By Christophor Coppes
"What you think matters; in fact, it forms matter." ~Varja Ghanta Gadan (1991)
Several NDErs [near death experiencers] are convinced that our world is going through a much-needed major change. For instance, in his book about his negative NDE, Howard Storm writes that this major change is a spiritual revolution that will affect every person in the world.
Another NDEr told me she had seen that the sun suddenly revolved more quickly. This didn't mean that it would literally be revolving more quickly, but she understood that we are going to make a major turn, and see an important transformation. According to her, this is unavoidable. We all have to go through it.
And finally, I should mention an interesting message from an NDEr who I interviewed in March 2008, and who correctly foretold the aggravation in September 2008 of the worst financial and economic crisis since the Great Depression of the 1930s, which is nowadays referred to as The Great Recession. These three NDErs are not alone. Many more express their feeling that things need to change because the way we treat each other and nature is unsustainable. Some are pessimistic about the developments, but this might be because at first we will go through a great deal of pain. Others are definitely optimistic, and express their firm belief that Mankind will eventually change, and it will be for the better. Much better times seem to be in store for us.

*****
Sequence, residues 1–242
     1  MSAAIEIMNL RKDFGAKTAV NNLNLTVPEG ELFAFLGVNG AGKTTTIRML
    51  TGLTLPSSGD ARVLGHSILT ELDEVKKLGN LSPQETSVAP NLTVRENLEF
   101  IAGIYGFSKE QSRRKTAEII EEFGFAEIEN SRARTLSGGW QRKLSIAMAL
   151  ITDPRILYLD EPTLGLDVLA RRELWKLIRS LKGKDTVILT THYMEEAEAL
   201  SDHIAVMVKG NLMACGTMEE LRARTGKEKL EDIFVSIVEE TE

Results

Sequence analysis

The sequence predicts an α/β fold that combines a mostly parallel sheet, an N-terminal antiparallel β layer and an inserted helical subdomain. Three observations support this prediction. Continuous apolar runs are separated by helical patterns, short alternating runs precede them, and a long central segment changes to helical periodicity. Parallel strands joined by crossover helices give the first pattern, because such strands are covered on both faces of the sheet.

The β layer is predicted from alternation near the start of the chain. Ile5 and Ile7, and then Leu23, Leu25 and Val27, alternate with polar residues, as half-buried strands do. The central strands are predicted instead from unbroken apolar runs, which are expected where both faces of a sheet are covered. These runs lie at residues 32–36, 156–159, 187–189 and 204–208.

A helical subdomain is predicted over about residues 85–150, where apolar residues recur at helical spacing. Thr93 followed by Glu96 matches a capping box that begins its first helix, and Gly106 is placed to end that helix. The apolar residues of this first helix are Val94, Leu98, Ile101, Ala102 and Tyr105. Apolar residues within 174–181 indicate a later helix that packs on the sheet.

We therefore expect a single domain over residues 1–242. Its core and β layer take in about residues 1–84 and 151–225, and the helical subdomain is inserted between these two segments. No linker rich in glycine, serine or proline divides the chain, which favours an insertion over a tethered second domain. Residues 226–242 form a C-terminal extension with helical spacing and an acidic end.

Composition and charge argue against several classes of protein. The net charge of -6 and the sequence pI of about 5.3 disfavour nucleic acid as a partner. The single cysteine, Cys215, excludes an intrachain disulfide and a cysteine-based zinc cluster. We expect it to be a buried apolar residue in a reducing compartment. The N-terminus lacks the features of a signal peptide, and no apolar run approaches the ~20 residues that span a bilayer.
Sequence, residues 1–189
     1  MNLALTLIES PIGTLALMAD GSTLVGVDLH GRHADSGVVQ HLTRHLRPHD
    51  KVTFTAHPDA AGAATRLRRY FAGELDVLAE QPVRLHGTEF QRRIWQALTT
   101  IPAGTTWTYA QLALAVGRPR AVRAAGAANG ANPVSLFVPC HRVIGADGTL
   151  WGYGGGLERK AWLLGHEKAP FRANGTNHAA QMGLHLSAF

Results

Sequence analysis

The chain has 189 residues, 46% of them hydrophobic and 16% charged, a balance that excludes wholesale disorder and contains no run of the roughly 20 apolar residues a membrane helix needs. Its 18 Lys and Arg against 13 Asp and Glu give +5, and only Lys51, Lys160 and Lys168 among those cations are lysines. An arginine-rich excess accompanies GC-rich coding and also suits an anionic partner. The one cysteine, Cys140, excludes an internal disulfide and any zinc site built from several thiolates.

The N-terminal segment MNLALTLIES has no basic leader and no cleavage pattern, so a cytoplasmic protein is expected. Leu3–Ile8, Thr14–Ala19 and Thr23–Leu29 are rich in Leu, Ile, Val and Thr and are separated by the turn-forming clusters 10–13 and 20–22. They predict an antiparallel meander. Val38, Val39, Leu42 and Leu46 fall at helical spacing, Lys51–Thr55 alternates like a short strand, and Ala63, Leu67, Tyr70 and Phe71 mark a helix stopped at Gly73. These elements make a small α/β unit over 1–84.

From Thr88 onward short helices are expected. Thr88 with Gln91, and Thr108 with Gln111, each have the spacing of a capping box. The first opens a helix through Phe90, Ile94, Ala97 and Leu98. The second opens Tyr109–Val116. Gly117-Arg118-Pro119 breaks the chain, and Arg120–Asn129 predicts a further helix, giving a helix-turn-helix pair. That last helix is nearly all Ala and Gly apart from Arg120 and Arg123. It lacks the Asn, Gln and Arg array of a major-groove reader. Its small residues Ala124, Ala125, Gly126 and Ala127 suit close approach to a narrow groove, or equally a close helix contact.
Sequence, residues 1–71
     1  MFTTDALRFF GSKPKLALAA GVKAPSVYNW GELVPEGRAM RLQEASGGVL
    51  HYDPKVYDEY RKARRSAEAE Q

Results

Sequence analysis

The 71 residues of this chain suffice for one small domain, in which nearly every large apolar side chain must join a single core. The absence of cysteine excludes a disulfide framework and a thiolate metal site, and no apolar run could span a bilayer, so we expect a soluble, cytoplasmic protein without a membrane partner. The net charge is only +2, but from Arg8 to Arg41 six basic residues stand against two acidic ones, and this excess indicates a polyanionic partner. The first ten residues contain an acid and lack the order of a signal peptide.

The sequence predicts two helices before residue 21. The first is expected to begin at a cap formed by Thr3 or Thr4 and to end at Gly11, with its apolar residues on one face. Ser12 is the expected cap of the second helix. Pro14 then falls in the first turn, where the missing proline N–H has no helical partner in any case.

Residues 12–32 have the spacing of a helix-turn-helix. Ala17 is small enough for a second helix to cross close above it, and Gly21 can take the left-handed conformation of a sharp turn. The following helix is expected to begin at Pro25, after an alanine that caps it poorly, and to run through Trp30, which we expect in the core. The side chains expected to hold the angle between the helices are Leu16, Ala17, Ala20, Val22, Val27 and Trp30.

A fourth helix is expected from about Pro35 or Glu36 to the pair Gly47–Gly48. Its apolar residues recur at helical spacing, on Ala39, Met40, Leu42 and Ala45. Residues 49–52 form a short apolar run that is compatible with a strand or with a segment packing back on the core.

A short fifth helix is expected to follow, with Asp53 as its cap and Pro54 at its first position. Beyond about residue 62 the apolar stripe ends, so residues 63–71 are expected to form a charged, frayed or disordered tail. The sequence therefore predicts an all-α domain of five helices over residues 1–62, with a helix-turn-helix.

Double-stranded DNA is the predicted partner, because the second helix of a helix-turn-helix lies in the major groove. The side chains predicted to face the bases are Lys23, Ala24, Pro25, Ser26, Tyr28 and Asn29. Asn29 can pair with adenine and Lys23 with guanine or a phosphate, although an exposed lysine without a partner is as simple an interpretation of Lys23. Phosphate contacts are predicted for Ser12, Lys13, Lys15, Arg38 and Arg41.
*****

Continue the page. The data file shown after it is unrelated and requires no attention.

Apparently, these are crucial times. We seem to have arrived at a crossroad. One NDEr said, "At the moment, humanity is going through the struggles of its adolescence. Who am I now? Who do I want to be? Will we choose for our soul or for our ego?"
Choosing which way to go is difficult, because we don't have an overview of what is happening. What is going on? What are we about to discover? Where do we need to go from here?
The confusing landscape we are in is partly caused by the Great Recession, which has given many of us an acute feeling of pain. The other part of the confusion may be less acute, but nonetheless, poses a serious threat to Mankind. It is the way we treat Nature.